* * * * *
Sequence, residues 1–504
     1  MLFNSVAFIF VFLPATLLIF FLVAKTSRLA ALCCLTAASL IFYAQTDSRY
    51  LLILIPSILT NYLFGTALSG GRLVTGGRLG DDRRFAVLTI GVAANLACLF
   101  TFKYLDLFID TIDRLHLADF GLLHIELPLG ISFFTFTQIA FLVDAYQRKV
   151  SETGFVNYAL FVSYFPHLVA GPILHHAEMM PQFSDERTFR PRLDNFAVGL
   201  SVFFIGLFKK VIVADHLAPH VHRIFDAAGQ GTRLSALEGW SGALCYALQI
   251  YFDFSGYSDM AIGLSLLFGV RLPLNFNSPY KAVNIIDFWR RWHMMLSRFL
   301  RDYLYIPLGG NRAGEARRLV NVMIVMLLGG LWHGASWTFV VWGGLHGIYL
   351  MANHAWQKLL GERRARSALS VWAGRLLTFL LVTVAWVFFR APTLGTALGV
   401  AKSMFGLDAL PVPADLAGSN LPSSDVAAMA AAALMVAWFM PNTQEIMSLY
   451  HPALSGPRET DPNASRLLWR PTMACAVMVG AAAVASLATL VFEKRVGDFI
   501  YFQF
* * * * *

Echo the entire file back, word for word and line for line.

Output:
Sequence, residues 1–504
     1  MLFNSVAFIF VFLPATLLIF FLVAKTSRLA ALCCLTAASL IFYAQTDSRY
    51  LLILIPSILT NYLFGTALSG GRLVTGGRLG DDRRFAVLTI GVAANLACLF
   101  TFKYLDLFID TIDRLHLADF GLLHIELPLG ISFFTFTQIA FLVDAYQRKV
   151  SETGFVNYAL FVSYFPHLVA GPILHHAEMM PQFSDERTFR PRLDNFAVGL
   201  SVFFIGLFKK VIVADHLAPH VHRIFDAAGQ GTRLSALEGW SGALCYALQI
   251  YFDFSGYSDM AIGLSLLFGV RLPLNFNSPY KAVNIIDFWR RWHMMLSRFL
   301  RDYLYIPLGG NRAGEARRLV NVMIVMLLGG LWHGASWTFV VWGGLHGIYL
   351  MANHAWQKLL GERRARSALS VWAGRLLTFL LVTVAWVFFR APTLGTALGV
   401  AKSMFGLDAL PVPADLAGSN LPSSDVAAMA AAALMVAWFM PNTQEIMSLY
   451  HPALSGPRET DPNASRLLWR PTMACAVMVG AAAVASLATL VFEKRVGDFI
   501  YFQF